Monday, November 16, 2009

Adam Smith on Government Roles

By Dr Bharat Jhunjhunwala writing (22 November) in Organiser (HERE):

Economy Watch - In defence of regulation of markets”

“This veneration of free markets was first propounded by famous economist Adam Smith about 200 years ago. He said that competition in a free market establishes public good as if an invisible hand was guiding the businessmen. There was no need to separately worry about public good. His logic was like this. Competition in the market pushes the businesses to produce goods at a lowest cost. This leads to cheap goods being made available to the people. For example, I had brought an electronic calculator from United States for my father in 1973 for 100 dollars or about Rs 1,000 at that time. Today, a much better calculator is available for Rs 50 because of the improvements brought about by competition. The slum-dwellers today have the pleasure of watching the TV and drinking cold water from the refrigerator because of the steep reduction in the price of these goods. Thus Adam Smith suggested that the government must not interfere in the market
.”

Comment
Question to Dr Bharat Jhunjhunwala:

Exactly where does Adam Smith makes the statement: “that competition in a free market establishes public good as if an invisible hand was guiding the businessmen. There was no need to separately worry about public good?”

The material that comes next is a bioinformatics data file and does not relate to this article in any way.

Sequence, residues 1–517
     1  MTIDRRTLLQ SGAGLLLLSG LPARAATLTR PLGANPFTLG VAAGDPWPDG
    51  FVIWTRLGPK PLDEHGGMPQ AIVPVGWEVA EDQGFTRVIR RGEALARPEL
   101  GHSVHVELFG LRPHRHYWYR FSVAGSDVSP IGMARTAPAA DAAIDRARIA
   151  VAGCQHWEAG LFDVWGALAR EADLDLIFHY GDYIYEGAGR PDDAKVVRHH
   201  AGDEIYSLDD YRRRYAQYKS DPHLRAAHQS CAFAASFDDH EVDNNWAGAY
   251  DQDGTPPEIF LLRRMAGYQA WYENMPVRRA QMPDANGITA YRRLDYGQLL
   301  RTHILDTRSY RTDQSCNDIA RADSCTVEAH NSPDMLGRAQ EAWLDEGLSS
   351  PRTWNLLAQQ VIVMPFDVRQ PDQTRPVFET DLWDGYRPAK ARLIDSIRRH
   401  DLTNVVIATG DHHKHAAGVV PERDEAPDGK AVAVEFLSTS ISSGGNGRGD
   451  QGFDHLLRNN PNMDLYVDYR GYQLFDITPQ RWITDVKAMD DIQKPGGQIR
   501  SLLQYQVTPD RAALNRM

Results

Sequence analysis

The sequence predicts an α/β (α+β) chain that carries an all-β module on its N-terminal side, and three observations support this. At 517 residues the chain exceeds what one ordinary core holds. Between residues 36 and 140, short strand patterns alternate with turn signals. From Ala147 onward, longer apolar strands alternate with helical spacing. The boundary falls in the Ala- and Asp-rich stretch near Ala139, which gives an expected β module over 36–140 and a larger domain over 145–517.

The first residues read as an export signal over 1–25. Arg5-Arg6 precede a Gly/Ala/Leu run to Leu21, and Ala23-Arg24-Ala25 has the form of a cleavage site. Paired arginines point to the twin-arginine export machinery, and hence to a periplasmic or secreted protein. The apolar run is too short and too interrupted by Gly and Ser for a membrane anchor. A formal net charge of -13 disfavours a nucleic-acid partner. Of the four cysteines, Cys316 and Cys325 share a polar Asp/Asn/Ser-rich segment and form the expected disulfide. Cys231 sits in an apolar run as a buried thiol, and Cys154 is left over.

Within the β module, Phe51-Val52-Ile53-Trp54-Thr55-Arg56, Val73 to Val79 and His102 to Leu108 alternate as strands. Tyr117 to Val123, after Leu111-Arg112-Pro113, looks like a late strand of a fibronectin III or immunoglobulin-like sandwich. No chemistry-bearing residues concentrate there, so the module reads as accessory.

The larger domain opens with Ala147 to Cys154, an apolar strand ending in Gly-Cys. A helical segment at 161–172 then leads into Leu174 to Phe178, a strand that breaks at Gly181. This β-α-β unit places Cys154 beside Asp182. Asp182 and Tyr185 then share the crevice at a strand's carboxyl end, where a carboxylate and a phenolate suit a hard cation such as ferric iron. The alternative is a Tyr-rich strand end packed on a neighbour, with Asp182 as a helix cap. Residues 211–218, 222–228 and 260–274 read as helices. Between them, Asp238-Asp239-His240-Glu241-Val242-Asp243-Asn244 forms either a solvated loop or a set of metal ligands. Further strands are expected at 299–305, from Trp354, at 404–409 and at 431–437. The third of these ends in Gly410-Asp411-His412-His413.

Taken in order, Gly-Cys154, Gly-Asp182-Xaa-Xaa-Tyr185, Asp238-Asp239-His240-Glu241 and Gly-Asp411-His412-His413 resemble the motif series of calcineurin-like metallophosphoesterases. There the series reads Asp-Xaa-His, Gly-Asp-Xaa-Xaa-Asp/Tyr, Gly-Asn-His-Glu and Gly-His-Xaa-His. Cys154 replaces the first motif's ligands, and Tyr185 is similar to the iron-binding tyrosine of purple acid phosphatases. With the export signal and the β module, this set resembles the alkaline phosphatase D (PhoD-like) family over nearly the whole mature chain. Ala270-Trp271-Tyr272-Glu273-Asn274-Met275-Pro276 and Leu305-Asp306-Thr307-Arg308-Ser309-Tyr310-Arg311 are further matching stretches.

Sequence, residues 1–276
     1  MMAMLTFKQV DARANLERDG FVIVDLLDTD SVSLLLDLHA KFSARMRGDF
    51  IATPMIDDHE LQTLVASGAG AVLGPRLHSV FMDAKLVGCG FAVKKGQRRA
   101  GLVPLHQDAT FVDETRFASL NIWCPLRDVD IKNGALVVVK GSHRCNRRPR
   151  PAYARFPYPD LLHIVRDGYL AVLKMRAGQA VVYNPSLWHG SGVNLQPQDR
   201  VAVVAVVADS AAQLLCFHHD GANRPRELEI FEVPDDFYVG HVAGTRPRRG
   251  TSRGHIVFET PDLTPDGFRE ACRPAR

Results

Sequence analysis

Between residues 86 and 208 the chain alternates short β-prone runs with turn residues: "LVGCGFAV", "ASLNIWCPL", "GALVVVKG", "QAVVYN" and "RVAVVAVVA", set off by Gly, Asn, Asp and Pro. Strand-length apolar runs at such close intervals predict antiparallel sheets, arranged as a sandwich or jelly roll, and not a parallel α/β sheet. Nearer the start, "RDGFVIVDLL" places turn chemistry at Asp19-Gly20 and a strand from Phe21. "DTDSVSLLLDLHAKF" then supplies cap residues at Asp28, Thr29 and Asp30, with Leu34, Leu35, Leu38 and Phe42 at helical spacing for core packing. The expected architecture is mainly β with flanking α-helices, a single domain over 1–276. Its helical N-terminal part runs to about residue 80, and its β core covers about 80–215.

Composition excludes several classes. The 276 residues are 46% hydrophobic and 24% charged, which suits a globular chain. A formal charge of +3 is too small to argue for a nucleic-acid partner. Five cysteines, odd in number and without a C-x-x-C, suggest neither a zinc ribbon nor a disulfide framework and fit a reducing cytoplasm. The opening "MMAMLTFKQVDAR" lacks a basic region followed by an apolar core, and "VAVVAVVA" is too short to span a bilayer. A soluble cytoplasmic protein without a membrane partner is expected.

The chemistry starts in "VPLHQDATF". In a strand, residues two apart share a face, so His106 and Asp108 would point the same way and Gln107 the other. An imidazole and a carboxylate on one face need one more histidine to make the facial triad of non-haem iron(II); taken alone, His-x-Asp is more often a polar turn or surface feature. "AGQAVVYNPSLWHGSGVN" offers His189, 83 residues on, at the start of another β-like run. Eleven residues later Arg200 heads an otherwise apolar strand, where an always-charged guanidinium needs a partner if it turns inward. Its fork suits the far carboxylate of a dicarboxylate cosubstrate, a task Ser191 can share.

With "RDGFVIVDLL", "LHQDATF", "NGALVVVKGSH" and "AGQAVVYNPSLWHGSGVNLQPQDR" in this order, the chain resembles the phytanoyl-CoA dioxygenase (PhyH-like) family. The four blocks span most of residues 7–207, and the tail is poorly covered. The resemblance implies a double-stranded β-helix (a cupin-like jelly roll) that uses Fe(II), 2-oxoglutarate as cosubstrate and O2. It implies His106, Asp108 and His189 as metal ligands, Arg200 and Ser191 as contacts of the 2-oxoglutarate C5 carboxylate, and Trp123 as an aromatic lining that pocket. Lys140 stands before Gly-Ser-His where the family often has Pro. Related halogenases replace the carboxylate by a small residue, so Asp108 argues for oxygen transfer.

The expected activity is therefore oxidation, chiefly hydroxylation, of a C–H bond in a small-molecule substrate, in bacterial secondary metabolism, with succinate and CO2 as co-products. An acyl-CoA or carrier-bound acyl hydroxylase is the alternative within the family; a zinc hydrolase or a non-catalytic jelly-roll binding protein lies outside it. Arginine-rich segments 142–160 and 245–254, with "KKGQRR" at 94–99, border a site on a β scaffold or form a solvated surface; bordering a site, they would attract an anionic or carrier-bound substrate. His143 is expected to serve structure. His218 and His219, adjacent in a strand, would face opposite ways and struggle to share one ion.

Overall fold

This is a paraphrase at best and a distortion of Adam Smith.

He never used the words “as if and invisible hand was guiding businessmen”. The addition of “as if” to his use of the metaphor of an invisible hand is fairly common among those who have not read Wealth Of Nations in general and the single paragraph in Book IV (chapter 2, paragraph 9: page 456) in which he uses the metaphor of ‘”an invisible hand”.

He most certainly never linked the metaphor to “competition” (which he discussed in Books I and II). He expressed reservations about leaving all decisions to “merchants and manufacturers” and such personages as bankers and their clients, especially where this “might endanger the security of the whole society” (WN II.ii.94: 324).

Nor did Adam Smith suggest such an extreme view “that the government must not interfere in the market”.

He saw a role for government, or public agencies, in stamping cloth and conducting assay tests on precious metals, to ensure that they been inspected for quality, that it should manage the currency and coinage, run the post office and general supervise markets and contract-making through an independent judiciary, and provide wholly or in part a national education system – and make a start on dealing on palliative care with “obnoxious diseases” like leprosy. All this, plus “facilitating commerce” by public works.

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